As the globalization of the markets continues its relentless pace and as it is shaped by technological developments, more and more governments are carefully reconsidering the overall arrangement of their national quality infrastructure in order to improve their trade performance and country development. To successfully access the global marketplace and be able to compete internationally, producers from developing countries need to provide verifiable evidence that their products and services are safe and compliant with technical regulatory requirements and international standards. Only then can these products be exported to foreign markets. The means of rectifying this situation involves the creation of an efficient infrastructure to satisfy the demands and requirements of globalization and the multilateral trading system. The challenge therefore is to achieve such objectives within a framework of good governance that promotes transparency when instituting requirements, eliminates discrimination against producers, and prohibits the introduction of unnecessary safety or deceptive practices.
Many countries have identified the need to re-engineer their quality infrastructure system not only to effectively connect with international trading regimes, but also to address economic, environment and social challenges. This, in turn, stimulates industrial development, trade competitiveness, innovation and efficient use of resources, while ensuring food safety and protecting human health and the environment. There is therefore a corresponding drive to create a more robust, adaptive, cost-effective, user-friendly and sustainable quality infrastructure system that provides access to appropriate standardization, metrology, accreditation, conformity assessment, and market surveillance capability and capacity, along with attendant education and promotional programmes.
One of the basic cornerstones for ensuring good governance of the quality infrastructure is the quality policy. Quality policies are a means to reform, consolidate, refine, and maintain an effective and efficient quality infrastructure. Quality policy is often rightly seen as part of a wider development strategy.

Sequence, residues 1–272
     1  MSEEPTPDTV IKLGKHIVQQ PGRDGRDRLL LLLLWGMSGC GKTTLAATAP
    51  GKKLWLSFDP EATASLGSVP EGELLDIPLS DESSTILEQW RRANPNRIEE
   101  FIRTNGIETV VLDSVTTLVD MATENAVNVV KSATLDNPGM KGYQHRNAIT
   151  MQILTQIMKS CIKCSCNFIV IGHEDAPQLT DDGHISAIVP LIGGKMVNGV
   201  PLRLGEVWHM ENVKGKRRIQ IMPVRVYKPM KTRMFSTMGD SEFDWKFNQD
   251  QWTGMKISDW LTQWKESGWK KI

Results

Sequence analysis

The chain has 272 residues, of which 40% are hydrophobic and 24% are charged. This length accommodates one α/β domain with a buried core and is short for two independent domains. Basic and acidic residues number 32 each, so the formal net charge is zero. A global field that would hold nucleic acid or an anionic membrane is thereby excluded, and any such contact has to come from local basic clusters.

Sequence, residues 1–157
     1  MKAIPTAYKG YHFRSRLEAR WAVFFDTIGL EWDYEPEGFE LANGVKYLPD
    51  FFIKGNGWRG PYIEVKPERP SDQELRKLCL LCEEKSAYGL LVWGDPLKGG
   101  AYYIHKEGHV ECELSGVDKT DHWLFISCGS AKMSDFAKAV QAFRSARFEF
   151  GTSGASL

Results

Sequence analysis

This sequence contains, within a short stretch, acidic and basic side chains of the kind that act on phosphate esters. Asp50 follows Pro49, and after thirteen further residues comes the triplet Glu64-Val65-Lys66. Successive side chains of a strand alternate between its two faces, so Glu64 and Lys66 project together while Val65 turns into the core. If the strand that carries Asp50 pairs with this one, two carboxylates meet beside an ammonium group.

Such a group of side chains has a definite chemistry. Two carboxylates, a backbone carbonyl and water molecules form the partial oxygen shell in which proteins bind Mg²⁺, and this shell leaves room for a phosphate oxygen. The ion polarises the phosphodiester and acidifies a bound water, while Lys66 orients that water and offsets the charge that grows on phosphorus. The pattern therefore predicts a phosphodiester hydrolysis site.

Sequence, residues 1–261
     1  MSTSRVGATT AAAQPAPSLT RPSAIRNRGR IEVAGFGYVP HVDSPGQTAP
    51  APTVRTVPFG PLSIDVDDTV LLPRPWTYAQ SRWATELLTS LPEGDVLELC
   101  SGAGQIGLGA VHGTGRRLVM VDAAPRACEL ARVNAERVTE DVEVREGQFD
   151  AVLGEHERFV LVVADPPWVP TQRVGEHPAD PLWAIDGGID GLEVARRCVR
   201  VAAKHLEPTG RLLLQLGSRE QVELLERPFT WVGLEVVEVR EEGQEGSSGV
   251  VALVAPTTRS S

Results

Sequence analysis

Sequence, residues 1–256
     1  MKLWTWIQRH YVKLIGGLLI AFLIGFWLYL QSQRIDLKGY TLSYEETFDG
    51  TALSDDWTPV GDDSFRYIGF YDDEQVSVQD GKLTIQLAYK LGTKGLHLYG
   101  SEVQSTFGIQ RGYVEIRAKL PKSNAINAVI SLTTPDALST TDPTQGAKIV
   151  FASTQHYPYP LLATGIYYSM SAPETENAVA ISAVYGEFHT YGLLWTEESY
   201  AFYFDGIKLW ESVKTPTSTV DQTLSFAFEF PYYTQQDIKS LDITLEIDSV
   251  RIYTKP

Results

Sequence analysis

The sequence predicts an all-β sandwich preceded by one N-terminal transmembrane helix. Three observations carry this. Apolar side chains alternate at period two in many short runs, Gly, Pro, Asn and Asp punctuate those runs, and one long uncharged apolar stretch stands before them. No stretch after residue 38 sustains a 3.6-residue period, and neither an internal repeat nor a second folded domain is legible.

Based on UNIDO’s experience in the development of 26 national and three regional policies, and in assisting developing countries and countries in transition to create an inclusive and sustainable quality policy, UNIDO, in collaboration with its technical partners of the International Network on Quality Infrastructure (INetQI), has developed a set of guiding documents for quality policy development. This set of documents aims at supporting quality infrastructure practitioners and policy makers to design and develop robust, holistic, and demand-driven quality infrastructure systems.
The Quality Policy Guiding Principles: a set of experience-based key principles (ownership, inclusiveness, coherence, optimization and sustainability) to help policymakers identify holistic and needs-driven solutions to facilitate integration into global markets. Each country, based on its context and specific needs, can adapt these principles to create an effective quality policy and quality infrastructure
The Quality Policy Technical Guide: this publication outlines the elements of a viable quality infrastructure system and explains how a quality policy is linked to various other policies. Governments can use it as a “good practice” reference when developing a quality policy
The Quality Policy Practical Tool: this tool offers a step-by-step approach and outlines the process of quality policy development, which should result in an inclusive, open, transparent and well-managed process
This training is based on these three documents and provides the reader with guidance on how to use the tools to develop/consolidate a solid quality policy.